July 30, 2015
Last week, the Tinian Dynasty Casino and Hotel agreed to pay $3.04 million in a non-forfeiture settlement agreement with the U.S. Department of Justice. The U.S. Treasury fined the casino for $75 million for violations of money laundering policies. The settlement was not even 10% of the total fine. Perhaps HKE can use some of the millions that they saved by reaching a meager settlement agreement to make the employees that it scammed whole again.
The settlement agreement requires that the Tinian Dynasty be placed under a Supervision Period of three years where it must comply with laws. The agreement states that the Tinian Dynasty Casino must "Commit no crimes under the federal laws of the United States subsequent to the execution of this agreement."
Do these include labor laws? The business continues to fail to pay its employees in a timely manner. Furthermore, it has purposelessly defrauded and illegally terminated employees without consequences.
July 23, 2015 HKE/US Settlement Agreement:
The illegal activities of the casino and hotel, which included money laundering, falsification of records, and non-payment of employees' wages, was a primary reason that the USCIS listed for denial of renewal of foreign workers' CW-1 permits. The USCIS determined that the business was not a 'legitimate' business because of illegal activities. No business deemed to be 'not legitimate' can hire foreign workers.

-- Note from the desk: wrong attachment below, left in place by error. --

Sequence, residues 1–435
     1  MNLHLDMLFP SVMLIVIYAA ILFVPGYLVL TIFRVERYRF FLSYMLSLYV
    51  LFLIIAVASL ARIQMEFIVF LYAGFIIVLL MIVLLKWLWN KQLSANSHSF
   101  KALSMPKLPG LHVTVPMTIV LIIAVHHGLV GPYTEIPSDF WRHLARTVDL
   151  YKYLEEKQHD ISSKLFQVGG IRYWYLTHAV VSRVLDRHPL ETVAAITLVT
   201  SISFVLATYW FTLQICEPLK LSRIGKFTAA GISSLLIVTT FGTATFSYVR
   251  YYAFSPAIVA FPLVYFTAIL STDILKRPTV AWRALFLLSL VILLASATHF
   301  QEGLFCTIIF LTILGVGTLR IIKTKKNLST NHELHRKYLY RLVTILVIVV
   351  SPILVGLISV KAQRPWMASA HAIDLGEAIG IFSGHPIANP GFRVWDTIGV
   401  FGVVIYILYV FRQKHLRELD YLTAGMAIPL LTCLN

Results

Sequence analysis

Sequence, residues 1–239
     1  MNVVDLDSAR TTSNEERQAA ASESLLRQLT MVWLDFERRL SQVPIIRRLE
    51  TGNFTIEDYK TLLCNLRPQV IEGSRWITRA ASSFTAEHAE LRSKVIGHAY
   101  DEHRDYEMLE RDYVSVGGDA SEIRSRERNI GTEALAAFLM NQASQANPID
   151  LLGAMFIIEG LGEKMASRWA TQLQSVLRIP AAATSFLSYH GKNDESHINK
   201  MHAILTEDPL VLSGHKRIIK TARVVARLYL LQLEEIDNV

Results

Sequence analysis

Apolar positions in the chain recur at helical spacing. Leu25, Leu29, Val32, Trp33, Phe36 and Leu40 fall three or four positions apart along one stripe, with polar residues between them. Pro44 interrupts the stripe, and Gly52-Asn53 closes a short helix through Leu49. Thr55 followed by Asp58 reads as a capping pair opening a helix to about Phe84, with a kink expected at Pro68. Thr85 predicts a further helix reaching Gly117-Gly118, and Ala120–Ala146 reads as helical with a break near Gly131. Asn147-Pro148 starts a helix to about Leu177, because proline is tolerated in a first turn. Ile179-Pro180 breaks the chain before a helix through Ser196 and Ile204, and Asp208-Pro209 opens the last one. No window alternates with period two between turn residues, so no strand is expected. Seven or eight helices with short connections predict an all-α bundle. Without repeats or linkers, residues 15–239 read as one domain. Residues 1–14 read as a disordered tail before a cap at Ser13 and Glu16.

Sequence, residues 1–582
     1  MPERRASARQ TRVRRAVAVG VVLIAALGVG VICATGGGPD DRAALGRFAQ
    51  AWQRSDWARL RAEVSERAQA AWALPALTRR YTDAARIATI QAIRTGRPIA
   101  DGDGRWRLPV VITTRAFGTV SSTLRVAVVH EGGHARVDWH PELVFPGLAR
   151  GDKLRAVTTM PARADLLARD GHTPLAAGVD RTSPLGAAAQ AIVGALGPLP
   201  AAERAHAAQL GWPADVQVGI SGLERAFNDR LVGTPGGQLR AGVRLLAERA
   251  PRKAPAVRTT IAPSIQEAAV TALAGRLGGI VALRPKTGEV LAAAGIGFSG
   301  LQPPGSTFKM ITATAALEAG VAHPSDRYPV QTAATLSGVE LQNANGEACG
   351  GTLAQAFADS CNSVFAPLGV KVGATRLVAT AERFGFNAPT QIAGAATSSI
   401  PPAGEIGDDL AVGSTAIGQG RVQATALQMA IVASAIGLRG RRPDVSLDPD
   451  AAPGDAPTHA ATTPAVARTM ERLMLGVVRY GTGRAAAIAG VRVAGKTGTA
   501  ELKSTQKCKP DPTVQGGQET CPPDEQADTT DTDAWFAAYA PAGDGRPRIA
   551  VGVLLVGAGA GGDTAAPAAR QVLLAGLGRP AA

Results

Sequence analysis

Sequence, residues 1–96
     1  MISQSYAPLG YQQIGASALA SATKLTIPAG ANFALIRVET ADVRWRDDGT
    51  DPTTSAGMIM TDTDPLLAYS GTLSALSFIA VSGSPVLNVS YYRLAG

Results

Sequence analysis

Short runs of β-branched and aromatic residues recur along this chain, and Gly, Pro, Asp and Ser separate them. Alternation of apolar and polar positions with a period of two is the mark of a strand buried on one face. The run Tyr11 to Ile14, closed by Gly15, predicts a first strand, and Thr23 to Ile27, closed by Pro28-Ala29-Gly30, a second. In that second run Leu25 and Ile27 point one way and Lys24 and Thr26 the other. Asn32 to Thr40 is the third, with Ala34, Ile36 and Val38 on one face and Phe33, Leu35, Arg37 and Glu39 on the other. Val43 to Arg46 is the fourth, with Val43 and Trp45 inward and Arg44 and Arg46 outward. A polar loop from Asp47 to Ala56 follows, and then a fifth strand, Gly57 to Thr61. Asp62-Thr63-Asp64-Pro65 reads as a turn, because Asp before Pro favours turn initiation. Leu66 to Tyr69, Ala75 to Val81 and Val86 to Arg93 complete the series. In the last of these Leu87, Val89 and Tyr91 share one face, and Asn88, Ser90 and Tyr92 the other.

On July 26, 2013 USCIS send an Intent to Revoke notice to the Hong Kong Entertainment OVS INV LTD c/o the Tinian Hotel and Casino stating their their ability to hire foreign workers was in jeopardy. The letter cited the fact that the U.S. Department of labor fined them $191,400 for nonpayment of wages and overtime wages to employees. USCIS noted that the business regularly failed to pay employees in a timely manner. The letter stated that the fact that the business violated regulatory requirements means that they are not a legitimate business and cannot hire CW-1 workers. That letter and its message was concealed from the employees who had no idea that their status could change.
A letter dated December 8, 2014 the HKE received a letter from USCIS denying petitions based on illegal activity - multiple violations of the Bank Secrecy Act over the span of a four-year period. The letter also cited multiple violations of the casino in failing to file Currency Transaction Reports failure to file a Suspicious Activity Report and failure to maintain an effective money laundering program. The list of violations in the letter were based on the lawsuit filed by the U.S. against the casino and some of its top managers. The letter's message was concealed from employees.
Not until the Saipan newspapers and blogs wrote about the mass denial of CW-1 permits for Tinian Dynasty employees did the employees even know that their jobs were in jeopardy and their lives would drastically change. They were left without legal status to work and live in the CNMI, without jobs and facing a three-year bar to return to the CNMI to work.